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Technical Paper

Performance Scaling of Spark-Ignition Engines: Correlation and Historical Analysis of Production Engine Data

This study examines the scaling between engine performance, engine configuration, and engine size and geometry, for modern spark-ignition engines. It focuses especially on design features that impact engine breathing. We also analyze historical trends to illustrate how changes in technology have improved engine performance. Different geometric parameters such as cylinder displacement, piston area, number of cylinders, number of valves per cylinder, bore to stroke ratio, and compression ratio, in appropriate combinations, are correlated to engine performance parameters, namely maximum torque, power and brake mean effective pressure, to determine the relationships or scaling laws that best fit the data. Engine specifications from 1999 model year vehicles sold in the United States were compiled into a database and separated into two-, three-, and four-valves-per-cylinder engine categories.
Journal Article

The Trade-off between Automobile Acceleration Performance, Weight, and Fuel Consumption

This paper evaluates how the fuel consumption of the average new U.S. passenger car will be penalized if engine and vehicle improvements continue to be focused on developing bigger, heavier and more powerful automobiles. We quantify a parameter called the Emphasis on Reducing Fuel Consumption (ERFC) and find that there has been little focus on improving fuel consumption in the U.S. over the past twenty years. In contrast, Europe has seen significantly higher ERFC. By raising the ERFC over the next few decades, we can reduce the average U.S. new car's fuel consumption by up to some 40 percent and cut the light-duty vehicle fleet's fuel use by about a quarter. Achieving substantial fuel use reduction will remain a major challenge if automobile size, weight and power continue to dominate.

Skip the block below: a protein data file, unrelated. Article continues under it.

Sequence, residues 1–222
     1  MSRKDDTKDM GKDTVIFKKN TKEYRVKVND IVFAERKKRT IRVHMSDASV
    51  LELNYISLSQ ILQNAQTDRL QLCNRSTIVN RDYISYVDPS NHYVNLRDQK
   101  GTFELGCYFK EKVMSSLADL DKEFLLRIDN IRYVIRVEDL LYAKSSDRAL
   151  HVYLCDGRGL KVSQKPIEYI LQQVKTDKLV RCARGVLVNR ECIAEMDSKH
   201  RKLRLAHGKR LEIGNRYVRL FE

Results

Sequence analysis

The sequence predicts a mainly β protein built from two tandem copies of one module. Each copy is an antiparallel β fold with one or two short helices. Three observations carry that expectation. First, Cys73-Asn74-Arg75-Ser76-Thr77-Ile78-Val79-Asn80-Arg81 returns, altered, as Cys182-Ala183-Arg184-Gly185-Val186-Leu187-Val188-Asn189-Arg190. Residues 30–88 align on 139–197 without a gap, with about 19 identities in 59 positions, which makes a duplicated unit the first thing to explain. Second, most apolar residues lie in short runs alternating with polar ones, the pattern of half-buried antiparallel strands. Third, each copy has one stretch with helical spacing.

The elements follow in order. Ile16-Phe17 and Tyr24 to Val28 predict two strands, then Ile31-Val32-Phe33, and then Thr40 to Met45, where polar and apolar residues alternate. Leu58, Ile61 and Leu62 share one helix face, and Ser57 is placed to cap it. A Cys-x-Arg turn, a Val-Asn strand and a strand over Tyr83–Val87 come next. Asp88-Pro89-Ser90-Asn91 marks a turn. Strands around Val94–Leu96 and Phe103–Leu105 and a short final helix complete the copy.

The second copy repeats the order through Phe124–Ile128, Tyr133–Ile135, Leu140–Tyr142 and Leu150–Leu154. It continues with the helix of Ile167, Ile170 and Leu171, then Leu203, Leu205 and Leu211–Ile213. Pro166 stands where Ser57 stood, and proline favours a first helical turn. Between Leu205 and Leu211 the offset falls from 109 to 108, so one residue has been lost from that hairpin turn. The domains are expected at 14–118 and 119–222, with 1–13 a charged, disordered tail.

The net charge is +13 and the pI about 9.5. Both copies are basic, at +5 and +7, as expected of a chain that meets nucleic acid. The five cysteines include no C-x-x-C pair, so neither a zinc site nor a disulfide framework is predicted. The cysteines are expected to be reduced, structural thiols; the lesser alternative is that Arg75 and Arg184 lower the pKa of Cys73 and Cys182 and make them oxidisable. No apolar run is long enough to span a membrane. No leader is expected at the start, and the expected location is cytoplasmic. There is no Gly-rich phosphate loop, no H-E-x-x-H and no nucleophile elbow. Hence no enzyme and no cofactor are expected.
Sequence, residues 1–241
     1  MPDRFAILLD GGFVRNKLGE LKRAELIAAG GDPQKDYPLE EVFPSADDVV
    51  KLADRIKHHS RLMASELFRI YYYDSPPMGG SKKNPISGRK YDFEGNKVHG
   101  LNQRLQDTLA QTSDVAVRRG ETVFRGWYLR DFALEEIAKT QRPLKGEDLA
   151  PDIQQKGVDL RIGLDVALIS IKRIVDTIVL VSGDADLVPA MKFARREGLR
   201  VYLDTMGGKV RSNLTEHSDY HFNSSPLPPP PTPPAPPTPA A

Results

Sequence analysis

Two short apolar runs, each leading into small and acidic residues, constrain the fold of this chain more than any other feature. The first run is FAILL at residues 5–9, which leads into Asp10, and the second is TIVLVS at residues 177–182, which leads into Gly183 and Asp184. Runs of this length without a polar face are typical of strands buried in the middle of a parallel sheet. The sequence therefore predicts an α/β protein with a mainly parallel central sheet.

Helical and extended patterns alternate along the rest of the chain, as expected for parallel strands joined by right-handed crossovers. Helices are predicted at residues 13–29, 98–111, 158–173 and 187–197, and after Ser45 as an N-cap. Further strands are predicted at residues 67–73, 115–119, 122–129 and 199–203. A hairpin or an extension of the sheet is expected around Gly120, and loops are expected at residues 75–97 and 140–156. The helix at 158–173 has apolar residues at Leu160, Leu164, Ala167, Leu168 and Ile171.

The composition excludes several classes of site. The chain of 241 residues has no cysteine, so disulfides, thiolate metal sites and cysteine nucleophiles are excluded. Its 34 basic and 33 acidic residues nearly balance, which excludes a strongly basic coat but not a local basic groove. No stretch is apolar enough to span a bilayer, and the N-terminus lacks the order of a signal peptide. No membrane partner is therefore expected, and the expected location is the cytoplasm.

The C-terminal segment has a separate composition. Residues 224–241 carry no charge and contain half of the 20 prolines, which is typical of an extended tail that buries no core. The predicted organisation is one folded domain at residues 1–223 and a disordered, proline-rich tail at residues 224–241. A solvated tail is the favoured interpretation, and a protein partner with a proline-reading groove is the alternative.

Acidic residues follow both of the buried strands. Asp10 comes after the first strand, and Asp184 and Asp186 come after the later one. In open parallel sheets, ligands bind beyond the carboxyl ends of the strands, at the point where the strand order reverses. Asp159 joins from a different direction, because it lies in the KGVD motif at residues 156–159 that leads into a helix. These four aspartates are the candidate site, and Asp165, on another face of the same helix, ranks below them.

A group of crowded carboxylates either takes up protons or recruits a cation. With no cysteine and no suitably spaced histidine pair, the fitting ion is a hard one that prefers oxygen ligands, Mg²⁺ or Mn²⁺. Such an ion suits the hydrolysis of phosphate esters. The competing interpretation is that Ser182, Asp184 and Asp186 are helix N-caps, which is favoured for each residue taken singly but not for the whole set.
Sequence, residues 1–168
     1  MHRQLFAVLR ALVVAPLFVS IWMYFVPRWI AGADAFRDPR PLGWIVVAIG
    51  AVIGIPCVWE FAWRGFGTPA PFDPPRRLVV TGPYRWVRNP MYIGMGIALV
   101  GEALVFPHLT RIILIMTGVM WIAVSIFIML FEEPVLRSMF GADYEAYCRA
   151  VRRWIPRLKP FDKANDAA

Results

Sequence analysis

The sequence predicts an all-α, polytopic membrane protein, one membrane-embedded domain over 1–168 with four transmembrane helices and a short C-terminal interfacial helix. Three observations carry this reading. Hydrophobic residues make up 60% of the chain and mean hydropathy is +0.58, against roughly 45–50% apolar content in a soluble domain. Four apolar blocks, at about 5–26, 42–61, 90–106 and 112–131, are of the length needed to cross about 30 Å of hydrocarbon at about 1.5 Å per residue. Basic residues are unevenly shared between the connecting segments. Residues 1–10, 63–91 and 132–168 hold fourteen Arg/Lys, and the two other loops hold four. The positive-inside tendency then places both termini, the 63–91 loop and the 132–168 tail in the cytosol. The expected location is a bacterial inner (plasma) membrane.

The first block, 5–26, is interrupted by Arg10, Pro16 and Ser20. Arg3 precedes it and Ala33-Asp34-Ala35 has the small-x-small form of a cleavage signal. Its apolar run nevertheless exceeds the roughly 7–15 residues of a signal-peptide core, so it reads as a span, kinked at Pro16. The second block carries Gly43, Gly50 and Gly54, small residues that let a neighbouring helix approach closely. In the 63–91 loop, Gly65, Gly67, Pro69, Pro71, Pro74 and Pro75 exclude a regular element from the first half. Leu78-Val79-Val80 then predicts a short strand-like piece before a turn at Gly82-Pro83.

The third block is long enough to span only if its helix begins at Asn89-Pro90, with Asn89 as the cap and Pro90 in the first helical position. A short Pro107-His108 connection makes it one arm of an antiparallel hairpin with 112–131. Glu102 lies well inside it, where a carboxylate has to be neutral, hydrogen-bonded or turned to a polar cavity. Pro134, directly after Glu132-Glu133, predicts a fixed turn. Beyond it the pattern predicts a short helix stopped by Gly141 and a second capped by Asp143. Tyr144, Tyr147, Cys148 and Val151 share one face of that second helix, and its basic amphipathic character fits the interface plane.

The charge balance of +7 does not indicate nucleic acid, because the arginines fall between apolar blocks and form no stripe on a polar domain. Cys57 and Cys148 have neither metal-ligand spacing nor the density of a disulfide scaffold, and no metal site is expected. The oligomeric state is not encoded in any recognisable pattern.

Technical Paper

Time Resolved Measurements of Exhaust Composition and Flow Rate in a Wankel Engine

Measurements were made of exhaust histories of the following species: unburned hydrocarbons (HC), carbon monoxide, carbon dioxide, oxygen, and nitric oxide (NO). The measurements show that the exhaust flow can be divided into two distinct phases: a leading gas low in HC and high in NO followed by a trailing gas high in HC and low in NO. Calculations of time resolved equivalence ratio throughout the exhaust process show no evidence of a stratified combustion. The exhaust mass flow rate is time resolved by forcing the flow to be locally quasi-steady at an orifice placed in the exhaust pipe. The results with the quasi-steady assumption are shown to be consistent with the measurements. Predictions are made of time resolved mass flow rate which compare favorably to the experimental data base. The composition and flow histories provide sufficient information to calculate the time resolved flow rates of the individual species measured.
Journal Article

Trends in Performance Characteristics of Modern Automobile SI and Diesel Engines

A prior study (Chon and Heywood, [1]) examined how the design and performance of spark-ignition engines evolved in the United States during the 1980s and 1990s. This paper carries out a similar analysis of trends in basic engine design and performance characteristics over the past decade. Available databases on engine specifications in the U.S., Europe, and Japan were used as the sources of information. Parameters analyzed were maximum torque, power, and speed; number of cylinders and engine configuration, cylinder displacement, bore, stroke, compression ratio; valvetrain configuration, number of valves and their control; port or direct fuel injection; naturally-aspirated or turbocharged engine concepts; spark-ignition and diesel engines. Design features are correlated with these engine’s performance parameters, normalized by engine and cylinder displacement.